Whose Body Is This?
It was the summer of 2012, I had just turned 46 and had been legally divorced for 7 months. I was flying high with a sense of self that I had lost a very long time ago. Having spent most of that summer in yoga pants, teaching classes all over the city, I’ll never forget the day I had to transition back to my “professional” life. I couldn’t even finish pulling my favorite pants over my thighs, not to mention my glutes. For me, seemingly there was no transition between “do these pants make my butt look big?” and “whose ass is that?” I had been so caught up rediscovering me apart from my ex after 22 years of marriage, that I hadn’t even noticed that I was officially peri-menopausal. My period had stopped, hot flashes had started, and suddenly I had put on 15 pounds.
Looking at myself in the mirror with those cute pinstripe pants half on, became a time of shame and loss. I was so fragile at that moment, newly divorced, thinking I was figuring it out on my own. When I couldn’t zip my pants up, it was as if the Universe was laughing at me. I continued to live as an inauthentic, lesser version of who God had intended me to be for nearly three more years. Giving into all of my old limiting beliefs and another toxic relationship, I put on even more weight. I was being comforted with deeply rooted beliefs from generations of women who had inherited this idea that menopause is the end. Definitely not a beginning or a time for re-creation of self. Rather, what we more commonly hear is, “you’ll never lose the belly fat now” or “you missed your chance.”
There was a time in my life when I was who I wanted to be. A full-time yoga instructor, leading retreats, and giving the rest of me to my daughter, my dogs, and my garden. But this version of me came without risk, and it came shielded under the lie of what my marriage had become. Though, because I had tasted it, I knew it was possible. Just as I believe we all know our authentic selves, born with this birth-right, but quickly lost with our earliest wounding and traumas. Destined to spend the rest of our lives trying to find our way back. For some, the way home is more easily traveled than others. Regardless of how long the journey is, I believe we are always exactly where we are supposed to be, and we come home only when it’s time.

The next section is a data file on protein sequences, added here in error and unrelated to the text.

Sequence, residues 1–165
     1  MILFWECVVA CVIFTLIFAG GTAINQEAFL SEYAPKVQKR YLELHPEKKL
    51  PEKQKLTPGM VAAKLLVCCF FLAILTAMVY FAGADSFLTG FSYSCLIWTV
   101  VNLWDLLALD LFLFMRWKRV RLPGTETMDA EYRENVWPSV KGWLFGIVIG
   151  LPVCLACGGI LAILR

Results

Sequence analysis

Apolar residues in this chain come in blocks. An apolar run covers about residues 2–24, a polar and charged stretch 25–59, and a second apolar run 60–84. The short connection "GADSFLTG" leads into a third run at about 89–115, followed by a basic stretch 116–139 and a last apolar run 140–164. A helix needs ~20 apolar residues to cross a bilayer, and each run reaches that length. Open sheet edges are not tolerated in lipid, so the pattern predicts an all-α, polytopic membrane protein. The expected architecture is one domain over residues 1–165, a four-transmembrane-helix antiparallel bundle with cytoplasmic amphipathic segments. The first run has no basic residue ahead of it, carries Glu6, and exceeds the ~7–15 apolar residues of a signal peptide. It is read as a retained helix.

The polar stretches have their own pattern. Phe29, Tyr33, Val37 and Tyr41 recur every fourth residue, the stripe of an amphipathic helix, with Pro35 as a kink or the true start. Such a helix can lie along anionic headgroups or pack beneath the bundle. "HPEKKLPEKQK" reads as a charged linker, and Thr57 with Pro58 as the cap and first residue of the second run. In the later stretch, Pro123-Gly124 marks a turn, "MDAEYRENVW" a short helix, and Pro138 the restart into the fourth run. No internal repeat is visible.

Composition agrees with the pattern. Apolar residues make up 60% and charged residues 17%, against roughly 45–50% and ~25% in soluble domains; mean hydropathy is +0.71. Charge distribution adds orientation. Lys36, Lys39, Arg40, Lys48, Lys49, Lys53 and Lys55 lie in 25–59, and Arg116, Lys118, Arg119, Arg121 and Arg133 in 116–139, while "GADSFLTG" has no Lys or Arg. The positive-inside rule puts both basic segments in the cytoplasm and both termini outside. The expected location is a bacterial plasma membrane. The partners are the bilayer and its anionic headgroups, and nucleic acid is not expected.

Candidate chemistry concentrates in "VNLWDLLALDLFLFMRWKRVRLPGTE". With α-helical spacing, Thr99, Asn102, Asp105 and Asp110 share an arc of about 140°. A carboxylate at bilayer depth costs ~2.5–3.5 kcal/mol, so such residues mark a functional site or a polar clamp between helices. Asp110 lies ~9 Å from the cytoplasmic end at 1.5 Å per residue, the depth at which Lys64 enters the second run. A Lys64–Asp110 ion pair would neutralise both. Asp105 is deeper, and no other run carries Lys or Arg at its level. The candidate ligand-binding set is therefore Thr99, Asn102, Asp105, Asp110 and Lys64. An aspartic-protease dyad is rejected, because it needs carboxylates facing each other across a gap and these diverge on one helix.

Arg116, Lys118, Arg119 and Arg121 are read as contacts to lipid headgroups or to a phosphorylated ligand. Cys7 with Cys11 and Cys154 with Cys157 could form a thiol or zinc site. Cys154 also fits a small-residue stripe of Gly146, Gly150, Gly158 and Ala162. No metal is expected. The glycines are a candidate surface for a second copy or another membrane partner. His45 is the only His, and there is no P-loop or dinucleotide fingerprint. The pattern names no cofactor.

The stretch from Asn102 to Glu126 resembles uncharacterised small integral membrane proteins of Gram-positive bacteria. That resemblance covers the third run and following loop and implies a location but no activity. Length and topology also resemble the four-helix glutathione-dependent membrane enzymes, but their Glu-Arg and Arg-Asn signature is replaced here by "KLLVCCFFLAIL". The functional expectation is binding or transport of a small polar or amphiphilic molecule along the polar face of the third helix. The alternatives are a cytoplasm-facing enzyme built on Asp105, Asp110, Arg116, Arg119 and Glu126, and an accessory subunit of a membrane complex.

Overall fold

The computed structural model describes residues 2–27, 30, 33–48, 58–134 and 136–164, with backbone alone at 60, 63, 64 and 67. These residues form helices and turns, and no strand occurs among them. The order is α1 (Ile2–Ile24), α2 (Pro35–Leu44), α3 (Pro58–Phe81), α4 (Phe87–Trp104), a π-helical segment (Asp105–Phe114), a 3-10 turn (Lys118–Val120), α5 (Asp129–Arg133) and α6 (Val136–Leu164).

Learning to Howl Again
A few years after I had grown out of my pants, I was reading, “Women Who Run With the Wolves” by Clarissa Pinkola Estés. Something she wrote was like a rallying cry for me and gratefully stirred the Wild Woman Archetype in me again. Dr. Pinkola Estés writes, “If you don’t learn how to howl you will never find your pack”. God was holding up a big reflective mirror to confront me with that current version of myself that I really didn’t like very much. I had stopped howling, I had stopped even looking at the moon. That day with my pants pulled up only half-way stripped me of a superficial sense of self. I tossed any desire to get her back ~ out with those pants. Now it was finally time, I wanted to howl at the moon, take back my birthright, and finally come home.
Reclaiming Your Sense of Self
I began to envision this image of me that was a blend of what I had once known as myself and who I wanted to be. Equal parts me at birth, that knowing that we all can feel in the liminal space between waking and before the rational mind takes hold for the day; a version of me at seven years old ~ whether it’s made from photographs, memories, or feelings it’s all valid, and a much older me when I was in my early 40s, being true to myself regardless of the price I had to pay to be her, and finally future me. Future me embodied everything I wanted, valued, believed, loved, and had been; only this version of me didn’t come at the price of compromise. Can you see her? What does your blend look, feel, and sound like? We know for certain, she can howl.
The path forward started with yoga, good food, and meditation. I started small. On the first day, I couldn’t even do one pushup ~ even though years before my signature class was defined by them. Now I do 65, 5 mornings a week. Through a whole foods diet, plenty of water, yoga, contemplation, healthy boundaries, and music, I have learned how to be me again. I have dropped 20 pounds, finally quit my safe, steady paycheck life, am in a selfless, healthy partnership for the first time ever, and am living my dream as a Holistic Wellness Coach.
– Holistic Wellness Coach in Training with the International Association of Wellness Professionals
– Yoga Instructor and Reiki Practitioner
– Survivor of divorce, eczema, and motherhood : )
– Fellow Traveler